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Give a Glimpse of What Yer Not |a few jewels… Featured Music 

Give a Glimpse of What Yer Not |a few jewels…

With all due respect to J. Mascis and the legacy he built with Dinosaur Jr. in the 80’s (and in 2007’s Beyond)… I was all but over his more-whiny-than-usual-vocals and melodic lullabies that make up 2009’s Farm album. 2012’s I Bet on Sky was headed in the right direction bringing back fuzzy guitar solos between psych-pop progressions, but Give a Glimpse of What Yer Not brings Dinosaur Jr. back to the throne they’ve earned time and time again.

These guys have grown to show they can cradle the indie rock sound as much as they did for post-hardcore in their beginnings. And we could sit here and discuss the drama between J. Mascis and Lou Barlow (mainly) and Murph and their triumphant return to music… but most other reviews (and broad web searches, for that matter) will explore their past endeavors for you. Frankly, this album is too complete to discuss anything other than the music; it feels like the discontent is over, and focus on expansive composition and variety is here.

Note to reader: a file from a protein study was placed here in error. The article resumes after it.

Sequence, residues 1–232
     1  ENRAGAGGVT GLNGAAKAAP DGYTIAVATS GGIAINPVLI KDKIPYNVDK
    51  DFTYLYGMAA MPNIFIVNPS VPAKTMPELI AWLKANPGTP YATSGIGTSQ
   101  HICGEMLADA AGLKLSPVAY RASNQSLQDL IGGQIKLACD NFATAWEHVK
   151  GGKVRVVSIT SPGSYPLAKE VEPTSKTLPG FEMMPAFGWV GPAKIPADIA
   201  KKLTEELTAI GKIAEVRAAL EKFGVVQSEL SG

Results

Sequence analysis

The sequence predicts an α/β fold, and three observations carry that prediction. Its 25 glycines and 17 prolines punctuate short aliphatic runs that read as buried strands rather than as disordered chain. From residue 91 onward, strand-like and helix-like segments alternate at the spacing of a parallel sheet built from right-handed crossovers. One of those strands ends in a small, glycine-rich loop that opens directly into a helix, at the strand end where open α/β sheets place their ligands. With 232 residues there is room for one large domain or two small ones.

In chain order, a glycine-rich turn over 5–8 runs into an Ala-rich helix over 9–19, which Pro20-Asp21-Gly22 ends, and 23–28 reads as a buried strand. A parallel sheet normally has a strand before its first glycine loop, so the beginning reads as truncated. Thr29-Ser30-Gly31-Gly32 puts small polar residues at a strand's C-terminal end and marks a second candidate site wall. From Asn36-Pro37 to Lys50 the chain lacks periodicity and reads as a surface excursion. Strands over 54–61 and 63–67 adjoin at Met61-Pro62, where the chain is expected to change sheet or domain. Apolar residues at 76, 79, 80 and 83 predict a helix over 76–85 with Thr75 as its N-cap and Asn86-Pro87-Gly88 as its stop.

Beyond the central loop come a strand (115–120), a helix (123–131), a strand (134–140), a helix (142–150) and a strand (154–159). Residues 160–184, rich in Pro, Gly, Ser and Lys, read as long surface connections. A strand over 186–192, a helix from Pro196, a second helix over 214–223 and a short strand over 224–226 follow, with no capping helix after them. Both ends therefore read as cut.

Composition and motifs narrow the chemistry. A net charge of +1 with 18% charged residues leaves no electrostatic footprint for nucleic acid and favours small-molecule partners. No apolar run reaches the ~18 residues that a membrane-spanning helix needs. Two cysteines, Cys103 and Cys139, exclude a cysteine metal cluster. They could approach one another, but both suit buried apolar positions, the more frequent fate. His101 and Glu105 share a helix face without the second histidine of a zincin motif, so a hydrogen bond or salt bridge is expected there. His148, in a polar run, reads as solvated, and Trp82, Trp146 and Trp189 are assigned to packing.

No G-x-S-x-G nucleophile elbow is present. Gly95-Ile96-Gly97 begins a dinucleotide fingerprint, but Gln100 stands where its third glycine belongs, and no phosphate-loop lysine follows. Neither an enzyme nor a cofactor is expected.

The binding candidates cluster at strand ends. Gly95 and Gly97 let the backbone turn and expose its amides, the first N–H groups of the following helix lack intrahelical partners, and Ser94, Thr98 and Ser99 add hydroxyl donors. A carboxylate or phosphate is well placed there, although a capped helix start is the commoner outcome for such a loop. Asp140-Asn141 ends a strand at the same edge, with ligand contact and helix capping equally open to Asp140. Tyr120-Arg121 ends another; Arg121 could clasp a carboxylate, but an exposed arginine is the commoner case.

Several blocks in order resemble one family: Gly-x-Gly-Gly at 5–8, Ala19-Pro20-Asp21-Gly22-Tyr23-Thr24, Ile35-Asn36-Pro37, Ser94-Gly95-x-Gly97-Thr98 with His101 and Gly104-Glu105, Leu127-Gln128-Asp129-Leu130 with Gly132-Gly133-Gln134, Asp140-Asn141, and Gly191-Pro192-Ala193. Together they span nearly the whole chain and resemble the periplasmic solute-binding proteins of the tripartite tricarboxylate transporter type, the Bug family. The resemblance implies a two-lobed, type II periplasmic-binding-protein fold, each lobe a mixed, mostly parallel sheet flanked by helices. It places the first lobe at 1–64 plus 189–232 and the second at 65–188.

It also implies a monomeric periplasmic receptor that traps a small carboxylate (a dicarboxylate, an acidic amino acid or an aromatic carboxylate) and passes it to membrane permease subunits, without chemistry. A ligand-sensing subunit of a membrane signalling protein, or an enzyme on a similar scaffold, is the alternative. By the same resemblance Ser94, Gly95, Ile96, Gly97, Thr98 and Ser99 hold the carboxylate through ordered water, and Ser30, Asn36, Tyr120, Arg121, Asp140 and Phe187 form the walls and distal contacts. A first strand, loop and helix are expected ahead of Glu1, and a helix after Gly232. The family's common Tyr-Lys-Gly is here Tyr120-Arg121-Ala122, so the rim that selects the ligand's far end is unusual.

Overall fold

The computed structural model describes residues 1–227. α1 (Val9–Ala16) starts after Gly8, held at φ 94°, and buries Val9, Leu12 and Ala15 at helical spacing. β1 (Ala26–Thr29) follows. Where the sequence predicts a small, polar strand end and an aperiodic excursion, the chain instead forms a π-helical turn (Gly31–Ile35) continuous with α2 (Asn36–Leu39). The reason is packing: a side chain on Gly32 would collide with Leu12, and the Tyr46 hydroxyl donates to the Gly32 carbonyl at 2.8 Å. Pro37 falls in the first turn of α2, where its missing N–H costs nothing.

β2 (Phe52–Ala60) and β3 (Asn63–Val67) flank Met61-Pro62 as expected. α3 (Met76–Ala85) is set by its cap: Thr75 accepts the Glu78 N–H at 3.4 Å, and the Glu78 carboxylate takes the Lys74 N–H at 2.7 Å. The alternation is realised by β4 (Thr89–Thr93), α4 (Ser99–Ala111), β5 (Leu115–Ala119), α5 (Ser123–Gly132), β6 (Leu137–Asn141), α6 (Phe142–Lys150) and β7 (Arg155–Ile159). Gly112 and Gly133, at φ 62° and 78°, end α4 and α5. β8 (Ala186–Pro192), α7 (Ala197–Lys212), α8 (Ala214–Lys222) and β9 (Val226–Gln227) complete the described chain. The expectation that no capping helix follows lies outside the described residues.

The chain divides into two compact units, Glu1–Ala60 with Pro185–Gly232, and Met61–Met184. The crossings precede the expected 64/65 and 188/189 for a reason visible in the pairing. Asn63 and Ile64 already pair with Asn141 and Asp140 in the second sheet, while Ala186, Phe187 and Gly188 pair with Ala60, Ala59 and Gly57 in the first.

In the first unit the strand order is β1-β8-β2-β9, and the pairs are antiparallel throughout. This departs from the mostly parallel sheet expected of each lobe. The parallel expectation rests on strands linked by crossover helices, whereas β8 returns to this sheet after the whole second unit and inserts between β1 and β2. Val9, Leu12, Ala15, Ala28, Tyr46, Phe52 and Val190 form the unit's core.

Dinosaur Jr
Dinosaur Jr

Give a Glimpse of What Yer Not opens with a Foo Fighters-like anthem Goin Down that’s catchy melody is sure to be stuck in your head for days. The first two punk rock tracks build you up just enough to be torn right back down by lingering nostalgia of the songs following. Love is… leads us back to reality with the wave of contrast that is Lou’s soft voice as he takes the lead. If you miss the old grungy guitar base and chaotic screaming solos from Dinosaur Jr.’s early albums, I Walk for Miles and Mirror won’t disappoint as J. Mascis proves he is still fully capable of crossing over to the dark side.

The tonal contrast from song to song throughout the entire album will keep the mind guessing what to expect and ultimately keep you enthralled from beginning to end. The group takes some of the best components from its earlier, darker albums and nurtures them in to a modern day smorgasbord featuring the musical branches they’ve experimented with in the past. Dinosaur Jr. definitely is not the rock band they were in the 80’s… nor should they be. J. Mascis has developed his voice and crafted guitar to bring us Dinosaur’s most polished album since the original three member’s return in 2007.


Infinite Loop – pretty self-explanatory

Replay on Repeat– worth playing from start to finish and revisiting

A Few Jewels – see bold font songs in review

One Time– worth playing from start to finish just to say you did and to reduce FOMO

Waste of Time – waste of time

Bleeding Ears – buy the record just to destroy it and save others from hearing impairment

~Adam Roth

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